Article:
When it comes to housing markets with a larger than normal share of non-owner occupied mortgaged residential property, Southern and Western cities tend to be top of this sector.
According to new data from Lending Tree
, Oklahoma City leads the nation’s major metro areas with non-owner occupied mortgaged properties: 15.4 percent of its housing stock falls into this category. Other major markets with a large percentage of non-owner occupied mortgaged residential properties are Philadelphia (14.6 percent), Memphis (14.6 percent), Miami (14.5 percent), San Francisco (13.9 percent), New Orleans (13.4 percent), Las Vegas (12.9 percent), New York City (12.9 percent), Los Angeles (12.5 percent) and Riverside, Calif. (12.2 percent).
At the other end of the spectrum, Detroit had the lowest percentage with only 5.2 percent, followed by Cleveland with 5.7 percent and Hartford, Conn., with 5.9 percent.
“Southern cities may be attracting investors due to low prices and growing populations,” said Lending Tree Chief Economist Tendayi Kapfidze. “Many residents in Southern cities may not be able to access home ownership due to lower median salaries, creating a ready pool of renters. In the West, the opportunity for rapid price appreciation is likely attracting investors. But high prices also suppress homeownership, creating a pool of renters.”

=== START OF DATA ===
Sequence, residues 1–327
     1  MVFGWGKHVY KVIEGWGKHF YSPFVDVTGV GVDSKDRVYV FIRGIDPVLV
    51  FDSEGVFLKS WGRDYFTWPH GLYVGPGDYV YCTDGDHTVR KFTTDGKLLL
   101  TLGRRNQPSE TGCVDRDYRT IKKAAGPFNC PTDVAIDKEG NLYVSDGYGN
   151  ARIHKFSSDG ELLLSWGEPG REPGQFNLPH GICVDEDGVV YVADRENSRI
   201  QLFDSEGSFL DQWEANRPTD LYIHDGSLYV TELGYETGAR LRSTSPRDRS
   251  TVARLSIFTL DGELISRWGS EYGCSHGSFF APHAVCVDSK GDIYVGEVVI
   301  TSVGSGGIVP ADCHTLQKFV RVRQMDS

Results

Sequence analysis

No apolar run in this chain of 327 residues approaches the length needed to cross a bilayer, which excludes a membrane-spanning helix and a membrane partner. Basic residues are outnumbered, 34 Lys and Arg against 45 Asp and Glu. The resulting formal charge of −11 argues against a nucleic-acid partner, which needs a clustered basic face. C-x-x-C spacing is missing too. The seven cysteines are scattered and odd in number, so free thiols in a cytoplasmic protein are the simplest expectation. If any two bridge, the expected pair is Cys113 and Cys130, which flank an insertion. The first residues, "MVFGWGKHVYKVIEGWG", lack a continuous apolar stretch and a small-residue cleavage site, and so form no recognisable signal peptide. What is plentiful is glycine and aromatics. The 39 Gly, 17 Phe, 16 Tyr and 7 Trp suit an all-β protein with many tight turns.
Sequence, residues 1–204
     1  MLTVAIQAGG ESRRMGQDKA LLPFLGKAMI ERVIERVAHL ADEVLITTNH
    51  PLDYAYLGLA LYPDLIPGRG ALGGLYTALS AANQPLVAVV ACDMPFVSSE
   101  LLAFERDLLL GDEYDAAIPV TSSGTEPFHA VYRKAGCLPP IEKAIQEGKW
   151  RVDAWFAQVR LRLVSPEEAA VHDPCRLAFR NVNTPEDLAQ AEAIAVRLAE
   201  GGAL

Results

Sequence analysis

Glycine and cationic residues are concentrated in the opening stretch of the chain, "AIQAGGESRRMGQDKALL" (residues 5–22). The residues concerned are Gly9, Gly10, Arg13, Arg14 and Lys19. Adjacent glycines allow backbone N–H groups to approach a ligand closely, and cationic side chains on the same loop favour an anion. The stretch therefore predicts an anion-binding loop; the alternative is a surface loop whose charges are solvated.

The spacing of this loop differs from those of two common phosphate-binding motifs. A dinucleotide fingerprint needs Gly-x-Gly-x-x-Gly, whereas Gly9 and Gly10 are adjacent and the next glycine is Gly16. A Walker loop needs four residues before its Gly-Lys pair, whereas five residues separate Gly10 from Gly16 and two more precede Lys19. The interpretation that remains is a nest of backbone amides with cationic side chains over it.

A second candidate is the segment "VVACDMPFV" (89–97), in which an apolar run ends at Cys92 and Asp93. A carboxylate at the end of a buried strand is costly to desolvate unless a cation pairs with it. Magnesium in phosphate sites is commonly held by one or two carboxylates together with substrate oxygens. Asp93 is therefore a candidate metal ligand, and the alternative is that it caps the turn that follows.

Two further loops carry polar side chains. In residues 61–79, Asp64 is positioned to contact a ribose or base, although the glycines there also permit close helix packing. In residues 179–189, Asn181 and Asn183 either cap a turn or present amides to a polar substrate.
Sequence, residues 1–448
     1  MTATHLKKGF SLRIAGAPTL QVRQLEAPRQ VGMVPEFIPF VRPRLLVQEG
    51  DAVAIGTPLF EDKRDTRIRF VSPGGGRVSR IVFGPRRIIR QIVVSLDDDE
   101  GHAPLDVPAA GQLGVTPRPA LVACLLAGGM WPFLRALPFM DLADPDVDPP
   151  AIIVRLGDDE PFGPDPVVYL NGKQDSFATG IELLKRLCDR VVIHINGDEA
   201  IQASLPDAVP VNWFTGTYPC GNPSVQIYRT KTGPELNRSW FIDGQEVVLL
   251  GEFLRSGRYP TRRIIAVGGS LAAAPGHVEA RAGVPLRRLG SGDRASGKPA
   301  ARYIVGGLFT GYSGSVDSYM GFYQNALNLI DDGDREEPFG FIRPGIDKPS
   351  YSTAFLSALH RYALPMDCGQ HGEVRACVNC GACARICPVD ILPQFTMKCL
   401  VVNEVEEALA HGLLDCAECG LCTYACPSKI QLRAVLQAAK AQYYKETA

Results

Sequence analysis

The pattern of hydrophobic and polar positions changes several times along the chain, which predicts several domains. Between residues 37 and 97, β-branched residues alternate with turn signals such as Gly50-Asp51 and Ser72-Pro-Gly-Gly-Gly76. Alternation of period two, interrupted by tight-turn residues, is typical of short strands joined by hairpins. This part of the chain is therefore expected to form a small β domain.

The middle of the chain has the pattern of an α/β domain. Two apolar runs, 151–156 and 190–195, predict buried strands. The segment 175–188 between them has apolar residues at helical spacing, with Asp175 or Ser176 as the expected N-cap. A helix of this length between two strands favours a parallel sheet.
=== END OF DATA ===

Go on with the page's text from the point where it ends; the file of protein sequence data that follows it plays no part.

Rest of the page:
Kapfidze added Northeastern and Midwestern markets with affordable homes means “the opportunity to be a homeowner is high and less appreciation attracts less investors. The homeownership rate in the top 10 cities is an average 59 percent compared with just 67 percent in the bottom 10. Even Detroit, a city often cited as having a challenging housing market, has a homeownership rate above all the top 10 cities.”